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Image of Queens Building Bridges 2018 Banner

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    On Tuesday, December 11th OATH Commissioner Fidel Del Valle will partner with Council Member Peter Koo and the Queens Chamber of Commerce to host “Building Bridges for Small Businesses”. Other City agencies will also be in attendance for the event.

Mayor De Blasio signing Criminal Justice Reform Act
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    The Criminal Justice Reform Act (CJRA) went into effect on June 13, 2017. The law gives the NYPD and other enforcement agencies the option to issue a civil summons that is filed with the OATH Hearings Division, instead of a criminal summons which is filed in Criminal Court. The law also makes Community Service a penalty option for those summonses that are contested at in-person OATH hearings.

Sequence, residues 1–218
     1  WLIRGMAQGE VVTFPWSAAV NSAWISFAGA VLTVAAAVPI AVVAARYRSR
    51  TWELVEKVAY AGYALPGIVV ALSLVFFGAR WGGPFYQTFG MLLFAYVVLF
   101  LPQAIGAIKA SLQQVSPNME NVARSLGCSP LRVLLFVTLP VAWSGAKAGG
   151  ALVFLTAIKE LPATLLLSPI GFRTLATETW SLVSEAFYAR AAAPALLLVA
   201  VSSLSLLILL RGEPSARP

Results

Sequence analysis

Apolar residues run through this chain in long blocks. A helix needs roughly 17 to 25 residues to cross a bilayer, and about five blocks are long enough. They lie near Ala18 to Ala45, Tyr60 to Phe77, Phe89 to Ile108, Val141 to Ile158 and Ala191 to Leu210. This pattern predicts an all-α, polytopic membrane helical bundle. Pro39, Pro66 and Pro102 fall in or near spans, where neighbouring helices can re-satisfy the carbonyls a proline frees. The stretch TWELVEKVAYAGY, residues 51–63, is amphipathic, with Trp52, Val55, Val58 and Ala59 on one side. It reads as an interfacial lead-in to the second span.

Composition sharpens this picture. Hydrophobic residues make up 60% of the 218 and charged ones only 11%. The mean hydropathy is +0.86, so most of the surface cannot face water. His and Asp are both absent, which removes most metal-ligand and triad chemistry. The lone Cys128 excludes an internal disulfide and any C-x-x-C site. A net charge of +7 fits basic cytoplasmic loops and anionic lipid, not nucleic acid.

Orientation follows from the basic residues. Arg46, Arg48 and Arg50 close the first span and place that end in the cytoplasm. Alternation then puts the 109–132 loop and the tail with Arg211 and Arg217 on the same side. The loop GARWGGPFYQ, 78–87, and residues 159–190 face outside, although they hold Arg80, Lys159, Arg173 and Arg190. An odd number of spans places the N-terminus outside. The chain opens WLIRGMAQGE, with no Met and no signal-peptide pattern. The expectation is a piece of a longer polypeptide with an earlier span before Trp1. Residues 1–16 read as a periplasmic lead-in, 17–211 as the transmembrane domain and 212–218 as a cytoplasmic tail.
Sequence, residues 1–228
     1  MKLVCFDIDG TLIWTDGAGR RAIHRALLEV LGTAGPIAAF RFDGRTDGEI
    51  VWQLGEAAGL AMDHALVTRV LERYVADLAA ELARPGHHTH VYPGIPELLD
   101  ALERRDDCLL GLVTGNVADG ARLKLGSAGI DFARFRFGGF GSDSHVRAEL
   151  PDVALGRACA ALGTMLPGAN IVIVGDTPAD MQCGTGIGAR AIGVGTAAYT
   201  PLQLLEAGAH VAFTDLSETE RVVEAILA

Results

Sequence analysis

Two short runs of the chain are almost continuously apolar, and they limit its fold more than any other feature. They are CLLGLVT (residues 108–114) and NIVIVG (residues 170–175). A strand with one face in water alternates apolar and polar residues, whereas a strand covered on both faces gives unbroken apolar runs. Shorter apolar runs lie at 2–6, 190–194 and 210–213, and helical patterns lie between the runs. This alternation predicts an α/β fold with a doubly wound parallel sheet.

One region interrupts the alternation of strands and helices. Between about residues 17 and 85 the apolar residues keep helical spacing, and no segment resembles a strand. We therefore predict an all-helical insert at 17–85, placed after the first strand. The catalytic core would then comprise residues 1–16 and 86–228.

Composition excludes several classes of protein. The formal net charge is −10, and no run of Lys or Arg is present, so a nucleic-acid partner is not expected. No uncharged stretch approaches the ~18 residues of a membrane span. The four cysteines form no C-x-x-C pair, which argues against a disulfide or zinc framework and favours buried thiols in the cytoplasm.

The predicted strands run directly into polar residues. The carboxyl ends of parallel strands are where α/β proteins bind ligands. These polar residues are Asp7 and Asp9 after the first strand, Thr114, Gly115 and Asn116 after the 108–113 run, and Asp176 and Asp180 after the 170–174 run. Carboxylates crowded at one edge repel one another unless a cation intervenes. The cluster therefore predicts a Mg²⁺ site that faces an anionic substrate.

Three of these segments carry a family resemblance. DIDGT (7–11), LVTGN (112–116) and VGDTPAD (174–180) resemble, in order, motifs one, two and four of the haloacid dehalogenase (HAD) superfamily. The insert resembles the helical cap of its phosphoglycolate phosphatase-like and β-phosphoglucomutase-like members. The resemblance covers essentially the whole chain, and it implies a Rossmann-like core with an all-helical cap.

Remote Hearing Methods
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    Did you receive a summons from the Sanitation Department, Parks Department, NYPD or Health Department?

    You can fight nearly every type of summons issued by those agencies using OATH’s convenient, Remote Hearing methods.
OATH Help logo
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    You do not need a lawyer to represent you at OATH hearings but if you need help understanding why you received a City summons and how to respond to it, you can contact the OATH Help Center online or visit a Help Center in person. There is a Help Center at all OATH Hearings Division locations. No appointment is necessary; just walk in during regular business hours.

Find Copies of Summonses
and Case Status Information

You can search for a summons, see a copy of the summons, and find your OATH hearing date by using the OATH Summons Finder. You can search for this information by name, address or the summons number.


Go to the Summons Finder


Note: Summonses issued to for hire vehicles or restaurants, and summonses issued by the Department of Consumer Affairs are not currently available using the Summons Finder.